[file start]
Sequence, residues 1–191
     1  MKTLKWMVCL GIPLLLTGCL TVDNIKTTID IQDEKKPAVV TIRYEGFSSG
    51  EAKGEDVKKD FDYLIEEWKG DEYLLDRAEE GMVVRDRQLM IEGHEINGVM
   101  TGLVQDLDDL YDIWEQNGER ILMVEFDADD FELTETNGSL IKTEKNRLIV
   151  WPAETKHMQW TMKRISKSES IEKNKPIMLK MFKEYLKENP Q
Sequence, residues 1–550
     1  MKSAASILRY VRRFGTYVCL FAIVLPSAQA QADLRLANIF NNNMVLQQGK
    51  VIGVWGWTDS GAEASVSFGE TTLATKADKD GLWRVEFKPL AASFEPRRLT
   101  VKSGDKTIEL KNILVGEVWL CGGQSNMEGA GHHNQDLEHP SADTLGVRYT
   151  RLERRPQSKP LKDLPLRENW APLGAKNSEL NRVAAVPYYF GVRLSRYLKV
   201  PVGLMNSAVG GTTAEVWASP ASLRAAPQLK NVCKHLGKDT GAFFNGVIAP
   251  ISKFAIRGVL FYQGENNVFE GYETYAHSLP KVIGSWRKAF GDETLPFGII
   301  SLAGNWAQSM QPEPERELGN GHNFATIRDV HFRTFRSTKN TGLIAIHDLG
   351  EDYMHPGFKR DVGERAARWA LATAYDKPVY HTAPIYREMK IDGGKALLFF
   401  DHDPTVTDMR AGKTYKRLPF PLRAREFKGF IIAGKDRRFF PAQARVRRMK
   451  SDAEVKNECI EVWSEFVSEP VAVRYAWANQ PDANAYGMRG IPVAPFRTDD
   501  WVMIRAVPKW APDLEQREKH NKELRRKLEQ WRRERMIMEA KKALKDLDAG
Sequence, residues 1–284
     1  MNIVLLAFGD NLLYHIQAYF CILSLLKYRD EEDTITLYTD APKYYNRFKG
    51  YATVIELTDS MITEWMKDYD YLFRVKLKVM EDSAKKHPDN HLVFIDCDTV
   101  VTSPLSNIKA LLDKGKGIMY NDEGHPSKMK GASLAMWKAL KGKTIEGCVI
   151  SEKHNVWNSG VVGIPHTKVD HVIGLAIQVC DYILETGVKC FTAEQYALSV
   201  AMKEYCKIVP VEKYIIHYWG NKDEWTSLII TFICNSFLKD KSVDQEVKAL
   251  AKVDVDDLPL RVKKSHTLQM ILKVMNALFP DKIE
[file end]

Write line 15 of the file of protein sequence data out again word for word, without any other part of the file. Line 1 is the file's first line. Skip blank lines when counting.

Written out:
   401  DHDPTVTDMR AGKTYKRLPF PLRAREFKGF IIAGKDRRFF PAQARVRRMK